David Grodzki Eurozone Crisis and the future.pdf


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David Grodzki


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Eurozone Crisis

Introduction

ne thing seems clear, despite all the uncertainty surrounding the current sovereign
debt crisis in the eurozone: it will leave its mark. Whether it will indeed be a
watershed and mark the next big leap forward towards an ever closer real Union or
instead signify the further fragmentation of a multi-speed Europe is currently impossible
to foresee. However, it seems very unlikely that it will be the beginning of the end of the
European Union. The history of the European Union offers many examples of “using a
good crisis” and making the best out of it and despite concerns over a core and periphery
of EU states also in decision making: the longer the crisis lasts, the more likely that the
EU will grown closer, not further apart.
The currently ailing economies of Greece, Portugal and to a smaller extent Ireland,
Spain and Italy, have become a real test for the functioning and the determination and
conviction of Europe’s leaders. For the first time since the failed attempt to give Europe
a constitution four years ago, the heads of states of the EU members are forced to finally
act and steer the eurozone (and the EU as a whole) out of murky waters. Maintaining
the status quo is no longer possible with Greece, Portugal and Ireland as recipients of
EU and International Monetary Fund (IMF) bailout money. Even though the countries
account for a mere six per cent of the EU’s gross domestic product,1 the fear of contagion
and the devastating effect a default of an eurozone member would have on investor trust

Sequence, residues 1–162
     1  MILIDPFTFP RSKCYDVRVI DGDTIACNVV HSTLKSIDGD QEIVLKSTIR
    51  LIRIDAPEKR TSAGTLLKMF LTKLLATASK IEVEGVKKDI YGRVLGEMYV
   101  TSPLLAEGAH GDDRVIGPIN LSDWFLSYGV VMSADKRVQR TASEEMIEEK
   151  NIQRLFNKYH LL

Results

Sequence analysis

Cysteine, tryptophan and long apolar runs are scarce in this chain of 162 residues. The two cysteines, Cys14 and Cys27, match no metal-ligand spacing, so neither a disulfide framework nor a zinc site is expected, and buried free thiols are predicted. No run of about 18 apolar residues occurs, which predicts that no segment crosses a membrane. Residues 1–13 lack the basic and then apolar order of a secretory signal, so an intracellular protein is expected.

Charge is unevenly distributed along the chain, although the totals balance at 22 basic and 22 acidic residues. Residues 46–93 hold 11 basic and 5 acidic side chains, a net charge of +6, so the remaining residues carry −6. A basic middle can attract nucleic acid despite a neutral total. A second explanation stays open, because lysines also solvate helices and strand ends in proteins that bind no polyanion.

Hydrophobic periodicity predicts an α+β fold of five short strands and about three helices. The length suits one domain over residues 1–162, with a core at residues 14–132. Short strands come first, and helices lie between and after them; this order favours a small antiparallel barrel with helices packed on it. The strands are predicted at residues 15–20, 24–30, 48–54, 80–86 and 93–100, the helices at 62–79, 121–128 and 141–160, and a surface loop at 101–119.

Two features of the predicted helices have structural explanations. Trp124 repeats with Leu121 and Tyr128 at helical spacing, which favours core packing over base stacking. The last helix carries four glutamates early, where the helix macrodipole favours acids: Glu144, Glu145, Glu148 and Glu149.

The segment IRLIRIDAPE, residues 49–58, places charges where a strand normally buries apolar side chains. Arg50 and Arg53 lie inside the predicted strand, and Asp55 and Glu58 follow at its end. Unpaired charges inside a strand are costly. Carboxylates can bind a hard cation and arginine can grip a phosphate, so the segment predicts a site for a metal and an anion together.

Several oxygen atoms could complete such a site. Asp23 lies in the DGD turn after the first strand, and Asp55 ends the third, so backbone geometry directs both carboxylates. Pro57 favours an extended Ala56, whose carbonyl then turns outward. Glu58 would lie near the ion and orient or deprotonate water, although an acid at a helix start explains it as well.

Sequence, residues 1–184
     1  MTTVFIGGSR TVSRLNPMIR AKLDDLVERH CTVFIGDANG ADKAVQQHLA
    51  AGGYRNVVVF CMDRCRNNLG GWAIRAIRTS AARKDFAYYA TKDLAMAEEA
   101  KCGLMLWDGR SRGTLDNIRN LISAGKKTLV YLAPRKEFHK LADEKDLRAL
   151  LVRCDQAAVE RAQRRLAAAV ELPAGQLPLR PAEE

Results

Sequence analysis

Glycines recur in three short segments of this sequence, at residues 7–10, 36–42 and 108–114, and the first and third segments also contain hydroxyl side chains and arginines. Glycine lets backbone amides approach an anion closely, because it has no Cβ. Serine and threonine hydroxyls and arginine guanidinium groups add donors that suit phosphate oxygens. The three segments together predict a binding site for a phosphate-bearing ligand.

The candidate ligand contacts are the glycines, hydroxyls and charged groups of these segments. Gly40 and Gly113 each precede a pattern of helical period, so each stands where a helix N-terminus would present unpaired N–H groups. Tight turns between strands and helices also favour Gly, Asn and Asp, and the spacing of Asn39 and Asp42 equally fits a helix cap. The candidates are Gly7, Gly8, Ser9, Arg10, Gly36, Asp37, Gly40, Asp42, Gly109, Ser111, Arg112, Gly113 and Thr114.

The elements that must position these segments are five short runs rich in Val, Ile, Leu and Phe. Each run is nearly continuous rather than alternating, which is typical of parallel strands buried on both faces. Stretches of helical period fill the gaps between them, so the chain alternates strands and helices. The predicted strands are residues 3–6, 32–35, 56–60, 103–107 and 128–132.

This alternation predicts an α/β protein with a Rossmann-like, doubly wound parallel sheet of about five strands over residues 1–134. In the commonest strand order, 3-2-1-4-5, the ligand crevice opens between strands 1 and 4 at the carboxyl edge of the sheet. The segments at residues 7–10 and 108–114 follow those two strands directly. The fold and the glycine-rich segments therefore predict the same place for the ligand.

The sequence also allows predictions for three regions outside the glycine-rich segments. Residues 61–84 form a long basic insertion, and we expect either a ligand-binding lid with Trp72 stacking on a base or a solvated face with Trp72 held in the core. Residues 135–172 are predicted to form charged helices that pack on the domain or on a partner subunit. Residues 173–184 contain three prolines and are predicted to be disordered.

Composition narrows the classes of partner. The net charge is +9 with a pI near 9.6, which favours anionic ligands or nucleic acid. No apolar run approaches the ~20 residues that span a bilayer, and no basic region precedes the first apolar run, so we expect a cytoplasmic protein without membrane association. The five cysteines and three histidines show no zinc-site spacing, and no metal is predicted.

and markets makes it necessary to ensure a) better supervision of member state budgets
and implementation of corrective mechanisms in case of foreseeable violation of the
new and stricter Growth and Stability rules as well as the Maastricht criteria, b) closer
coordination between member states in the field of labour market rules, social affairs,
and most importantly fiscal policy and c) a gradual creation of the necessary institutions
to ensure that the EU is able to assist member states in trouble more effectively and
timely. Before these issues are elaborated in more detail, a number of other factors need
to be addressed. Following a brief summary of the development of the eurozone crisis,
the role of EU leaders in the shaping of any future solution needs to be highlighted.
Their understanding of the EU determines how and to what extent support for more, or
reversely, less Union can be expected from member states. Another factor of importance
is the support political leaders enjoy in their countries, as more support will allow a more
pro-European engagement, whereas narrow majorities or lack of support will result in a
more critical or even anti-EU stance.

1

K. Rogoff: “The Euro’s PIG-Headed Masters”. Project Syndicate, http://www.project-syndicate.org/
commentary/the-euro-s-pig-headed-masters, 3 June 2011.

29 June 2012

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